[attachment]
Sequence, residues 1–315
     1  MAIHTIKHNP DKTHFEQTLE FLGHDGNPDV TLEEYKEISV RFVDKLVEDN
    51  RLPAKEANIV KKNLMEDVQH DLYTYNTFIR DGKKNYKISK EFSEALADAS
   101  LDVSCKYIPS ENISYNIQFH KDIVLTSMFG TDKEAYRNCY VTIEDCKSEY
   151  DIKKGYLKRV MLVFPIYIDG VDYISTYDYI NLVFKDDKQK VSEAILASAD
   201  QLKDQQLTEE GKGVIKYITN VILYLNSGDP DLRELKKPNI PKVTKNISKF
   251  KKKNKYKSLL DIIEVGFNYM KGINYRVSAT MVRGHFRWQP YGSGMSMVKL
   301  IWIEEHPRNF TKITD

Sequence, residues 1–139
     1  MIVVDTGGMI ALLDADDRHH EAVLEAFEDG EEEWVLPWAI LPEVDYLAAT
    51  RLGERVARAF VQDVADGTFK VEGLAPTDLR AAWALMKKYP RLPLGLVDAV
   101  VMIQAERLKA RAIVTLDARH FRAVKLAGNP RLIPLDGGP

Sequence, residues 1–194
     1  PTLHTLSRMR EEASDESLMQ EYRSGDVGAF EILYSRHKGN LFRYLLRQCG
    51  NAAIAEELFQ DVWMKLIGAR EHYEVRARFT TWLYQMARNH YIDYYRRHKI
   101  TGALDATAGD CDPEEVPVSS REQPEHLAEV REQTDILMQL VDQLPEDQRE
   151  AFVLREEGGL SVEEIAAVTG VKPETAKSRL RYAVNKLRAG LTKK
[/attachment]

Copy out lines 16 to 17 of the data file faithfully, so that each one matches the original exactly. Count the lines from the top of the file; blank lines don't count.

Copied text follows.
   101  TGALDATAGD CDPEEVPVSS REQPEHLAEV REQTDILMQL VDQLPEDQRE
   151  AFVLREEGGL SVEEIAAVTG VKPETAKSRL RYAVNKLRAG LTKK